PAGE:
"Fulvous Whistling-Duck"
(Dendrocygna bicolor)

Photograph by
Ski S. Diverscreek Waterfowl
Photograph by
Ski S. Diverscreek Waterfowl

The Fulvous Whistling-Duck is a long-legged, long-necked, goose-like duck. They are highly social...usually found in groups. Female may lay eggs in other female's nest. Often the duck will desert the nest. They are more active during the night, and can often be seen flying in flocks at dawn and dusk. This species was formerly known as the "Fulvous Tree Duck"...the name "fulvous" refers to its tawny color.

Size: Length 18-21 inches.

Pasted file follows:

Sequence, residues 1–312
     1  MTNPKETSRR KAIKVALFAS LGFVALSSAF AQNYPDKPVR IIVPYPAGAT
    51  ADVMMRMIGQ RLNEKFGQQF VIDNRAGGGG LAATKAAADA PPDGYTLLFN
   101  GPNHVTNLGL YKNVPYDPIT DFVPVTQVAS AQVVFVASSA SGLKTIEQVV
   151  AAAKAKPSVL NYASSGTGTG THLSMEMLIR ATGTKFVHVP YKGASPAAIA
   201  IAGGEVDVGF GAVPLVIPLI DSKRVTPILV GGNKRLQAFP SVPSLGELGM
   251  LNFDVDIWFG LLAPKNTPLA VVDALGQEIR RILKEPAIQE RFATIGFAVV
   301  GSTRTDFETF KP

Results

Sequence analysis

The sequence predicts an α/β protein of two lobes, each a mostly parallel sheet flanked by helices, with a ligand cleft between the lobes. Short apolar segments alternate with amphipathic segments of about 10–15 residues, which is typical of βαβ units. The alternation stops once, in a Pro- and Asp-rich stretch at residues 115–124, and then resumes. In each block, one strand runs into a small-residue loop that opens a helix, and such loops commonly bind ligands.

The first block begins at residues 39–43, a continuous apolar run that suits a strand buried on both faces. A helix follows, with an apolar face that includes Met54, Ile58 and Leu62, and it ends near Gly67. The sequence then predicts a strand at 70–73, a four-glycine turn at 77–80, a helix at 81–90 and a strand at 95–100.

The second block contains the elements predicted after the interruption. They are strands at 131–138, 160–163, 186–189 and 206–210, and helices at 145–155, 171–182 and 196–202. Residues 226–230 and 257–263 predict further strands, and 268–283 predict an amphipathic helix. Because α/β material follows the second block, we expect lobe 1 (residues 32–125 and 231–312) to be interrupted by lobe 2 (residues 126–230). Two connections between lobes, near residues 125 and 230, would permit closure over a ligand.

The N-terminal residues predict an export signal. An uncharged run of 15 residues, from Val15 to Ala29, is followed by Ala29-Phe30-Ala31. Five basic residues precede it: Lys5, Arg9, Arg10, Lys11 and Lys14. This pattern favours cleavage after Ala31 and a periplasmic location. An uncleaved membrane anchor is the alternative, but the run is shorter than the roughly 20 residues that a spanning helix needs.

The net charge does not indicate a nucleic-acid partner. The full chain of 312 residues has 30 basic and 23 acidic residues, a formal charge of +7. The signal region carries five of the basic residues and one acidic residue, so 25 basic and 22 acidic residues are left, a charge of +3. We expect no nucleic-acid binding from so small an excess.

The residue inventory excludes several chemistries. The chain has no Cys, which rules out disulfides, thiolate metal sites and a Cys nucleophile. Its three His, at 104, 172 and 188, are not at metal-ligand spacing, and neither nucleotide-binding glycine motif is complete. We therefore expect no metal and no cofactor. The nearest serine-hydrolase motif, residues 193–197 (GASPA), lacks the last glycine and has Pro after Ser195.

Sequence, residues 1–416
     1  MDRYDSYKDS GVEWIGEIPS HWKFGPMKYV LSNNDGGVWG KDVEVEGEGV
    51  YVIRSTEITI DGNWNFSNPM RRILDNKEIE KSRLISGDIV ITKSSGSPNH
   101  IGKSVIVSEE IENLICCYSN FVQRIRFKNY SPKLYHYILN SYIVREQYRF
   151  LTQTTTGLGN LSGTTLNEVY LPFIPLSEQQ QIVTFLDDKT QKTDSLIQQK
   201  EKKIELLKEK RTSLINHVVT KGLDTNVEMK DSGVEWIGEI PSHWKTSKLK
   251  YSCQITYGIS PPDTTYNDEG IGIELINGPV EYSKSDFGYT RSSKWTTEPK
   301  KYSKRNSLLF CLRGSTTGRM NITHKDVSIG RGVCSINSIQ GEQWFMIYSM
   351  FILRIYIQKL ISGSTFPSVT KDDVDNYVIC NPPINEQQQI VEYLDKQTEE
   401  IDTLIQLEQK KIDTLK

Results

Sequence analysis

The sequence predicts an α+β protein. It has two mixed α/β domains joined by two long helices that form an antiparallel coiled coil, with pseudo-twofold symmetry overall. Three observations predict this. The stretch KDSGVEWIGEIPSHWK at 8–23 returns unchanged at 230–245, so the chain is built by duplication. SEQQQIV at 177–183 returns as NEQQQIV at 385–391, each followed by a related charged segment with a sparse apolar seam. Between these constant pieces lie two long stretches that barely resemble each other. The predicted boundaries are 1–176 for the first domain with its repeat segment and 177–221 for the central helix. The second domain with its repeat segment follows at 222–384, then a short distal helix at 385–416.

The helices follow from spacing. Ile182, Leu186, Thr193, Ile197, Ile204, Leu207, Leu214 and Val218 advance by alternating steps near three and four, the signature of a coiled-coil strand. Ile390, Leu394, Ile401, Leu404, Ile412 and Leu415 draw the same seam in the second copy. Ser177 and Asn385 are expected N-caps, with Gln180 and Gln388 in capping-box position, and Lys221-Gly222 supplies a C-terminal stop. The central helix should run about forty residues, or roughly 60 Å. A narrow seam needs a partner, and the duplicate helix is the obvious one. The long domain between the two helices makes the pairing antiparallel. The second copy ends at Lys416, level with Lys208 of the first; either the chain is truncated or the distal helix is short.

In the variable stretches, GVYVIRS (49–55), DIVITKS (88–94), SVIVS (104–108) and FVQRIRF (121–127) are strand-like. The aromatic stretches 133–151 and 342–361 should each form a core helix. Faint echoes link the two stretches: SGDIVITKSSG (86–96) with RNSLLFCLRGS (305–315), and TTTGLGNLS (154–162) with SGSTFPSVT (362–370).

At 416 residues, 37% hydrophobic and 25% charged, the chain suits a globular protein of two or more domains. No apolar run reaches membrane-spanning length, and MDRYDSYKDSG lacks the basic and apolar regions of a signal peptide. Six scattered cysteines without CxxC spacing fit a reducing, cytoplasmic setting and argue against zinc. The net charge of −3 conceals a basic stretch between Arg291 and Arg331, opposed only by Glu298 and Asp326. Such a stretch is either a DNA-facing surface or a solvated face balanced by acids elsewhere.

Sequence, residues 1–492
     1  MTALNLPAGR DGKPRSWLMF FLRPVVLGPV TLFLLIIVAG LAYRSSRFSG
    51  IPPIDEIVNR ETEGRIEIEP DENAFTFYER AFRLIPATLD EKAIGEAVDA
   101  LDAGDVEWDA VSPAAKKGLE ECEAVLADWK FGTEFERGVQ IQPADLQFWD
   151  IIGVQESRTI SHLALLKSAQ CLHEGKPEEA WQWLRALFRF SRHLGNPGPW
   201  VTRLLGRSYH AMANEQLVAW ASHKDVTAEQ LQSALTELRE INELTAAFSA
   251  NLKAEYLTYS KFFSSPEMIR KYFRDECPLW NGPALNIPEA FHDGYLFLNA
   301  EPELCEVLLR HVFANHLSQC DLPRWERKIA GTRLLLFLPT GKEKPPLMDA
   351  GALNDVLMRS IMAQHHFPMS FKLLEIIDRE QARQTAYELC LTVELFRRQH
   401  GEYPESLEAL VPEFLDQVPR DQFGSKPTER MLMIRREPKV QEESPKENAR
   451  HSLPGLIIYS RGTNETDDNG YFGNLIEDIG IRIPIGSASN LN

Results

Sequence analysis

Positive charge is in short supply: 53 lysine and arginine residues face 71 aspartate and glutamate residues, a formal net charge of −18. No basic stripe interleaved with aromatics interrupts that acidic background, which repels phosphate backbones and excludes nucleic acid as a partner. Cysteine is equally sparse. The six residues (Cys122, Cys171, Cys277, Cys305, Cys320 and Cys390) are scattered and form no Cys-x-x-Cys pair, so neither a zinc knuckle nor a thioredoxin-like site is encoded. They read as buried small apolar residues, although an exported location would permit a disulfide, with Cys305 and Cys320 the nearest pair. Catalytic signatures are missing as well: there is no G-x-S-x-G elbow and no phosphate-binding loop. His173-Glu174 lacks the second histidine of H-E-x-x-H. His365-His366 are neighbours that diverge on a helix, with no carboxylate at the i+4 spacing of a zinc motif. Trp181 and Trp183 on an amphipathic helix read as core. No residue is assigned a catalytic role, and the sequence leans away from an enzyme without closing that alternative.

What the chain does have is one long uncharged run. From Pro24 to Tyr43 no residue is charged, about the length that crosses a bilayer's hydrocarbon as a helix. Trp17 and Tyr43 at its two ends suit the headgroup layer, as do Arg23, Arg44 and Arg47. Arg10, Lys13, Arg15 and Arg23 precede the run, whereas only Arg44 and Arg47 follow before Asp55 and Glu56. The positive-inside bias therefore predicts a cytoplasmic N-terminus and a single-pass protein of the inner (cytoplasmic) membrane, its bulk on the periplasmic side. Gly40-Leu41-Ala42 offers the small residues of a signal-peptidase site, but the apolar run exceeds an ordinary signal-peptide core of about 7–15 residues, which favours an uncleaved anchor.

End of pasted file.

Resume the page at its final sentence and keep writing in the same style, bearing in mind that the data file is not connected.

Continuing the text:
Male: Bright tan, white stripe on flanks, gray bill, dark back with chestnut stripes, blue-grey legs and feet. In flight, wings mainly black, white crescent above the black tail.

Female: Similar to male.

Nest: Nest of reeds lined with grasses and weeds is placed on the ground in dense vegetation or grass hummock, rarely in tree cavity. Young tended by both sexes but find own food. 1 brood per year.

Eggs: 12-14, dull white

Incubation: 24-26 days

Fledging: 55-63 days

Breeding: Monogamous.

Habitat: Wet agricultural land, ponds, and marshes.

Food: Primarily feeds at night in marshes and rice fields. Eat aquatic plants, grass and weed seeds, alfalfa, and waste grain.

Voice: High squeaking 2-syllable whistle, "pe-chee", usually is given while bird is in flight.

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